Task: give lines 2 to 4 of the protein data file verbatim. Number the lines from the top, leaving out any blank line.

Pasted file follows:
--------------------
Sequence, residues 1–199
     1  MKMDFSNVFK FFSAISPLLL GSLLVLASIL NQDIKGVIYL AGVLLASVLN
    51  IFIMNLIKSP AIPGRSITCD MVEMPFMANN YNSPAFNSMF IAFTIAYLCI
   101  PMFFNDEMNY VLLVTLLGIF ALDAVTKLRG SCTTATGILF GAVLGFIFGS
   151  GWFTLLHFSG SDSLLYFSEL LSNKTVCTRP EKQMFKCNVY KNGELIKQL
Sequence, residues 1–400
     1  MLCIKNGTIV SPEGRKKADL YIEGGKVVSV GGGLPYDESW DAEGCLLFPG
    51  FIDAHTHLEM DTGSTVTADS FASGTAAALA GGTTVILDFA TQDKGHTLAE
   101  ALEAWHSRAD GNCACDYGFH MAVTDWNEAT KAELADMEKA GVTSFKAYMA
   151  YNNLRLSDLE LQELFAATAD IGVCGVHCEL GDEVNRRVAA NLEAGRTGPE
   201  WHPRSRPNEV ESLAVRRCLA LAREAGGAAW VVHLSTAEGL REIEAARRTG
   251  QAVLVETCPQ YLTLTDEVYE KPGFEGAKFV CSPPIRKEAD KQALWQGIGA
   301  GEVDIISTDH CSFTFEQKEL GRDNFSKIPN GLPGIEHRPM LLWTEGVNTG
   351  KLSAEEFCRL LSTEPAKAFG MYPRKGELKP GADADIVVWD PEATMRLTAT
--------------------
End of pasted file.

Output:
     1  MKMDFSNVFK FFSAISPLLL GSLLVLASIL NQDIKGVIYL AGVLLASVLN
    51  IFIMNLIKSP AIPGRSITCD MVEMPFMANN YNSPAFNSMF IAFTIAYLCI
   101  PMFFNDEMNY VLLVTLLGIF ALDAVTKLRG SCTTATGILF GAVLGFIFGS